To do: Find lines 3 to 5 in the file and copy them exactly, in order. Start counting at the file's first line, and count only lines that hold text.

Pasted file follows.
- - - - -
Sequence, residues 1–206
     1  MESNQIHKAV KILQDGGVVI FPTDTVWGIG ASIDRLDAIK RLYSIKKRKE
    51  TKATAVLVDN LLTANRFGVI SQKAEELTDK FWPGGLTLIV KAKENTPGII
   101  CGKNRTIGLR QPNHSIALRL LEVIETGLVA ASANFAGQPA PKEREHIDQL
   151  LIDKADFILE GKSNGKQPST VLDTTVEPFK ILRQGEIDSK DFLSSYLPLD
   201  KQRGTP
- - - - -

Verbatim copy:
    51  TKATAVLVDN LLTANRFGVI SQKAEELTDK FWPGGLTLIV KAKENTPGII
   101  CGKNRTIGLR QPNHSIALRL LEVIETGLVA ASANFAGQPA PKEREHIDQL
   151  LIDKADFILE GKSNGKQPST VLDTTVEPFK ILRQGEIDSK DFLSSYLPLD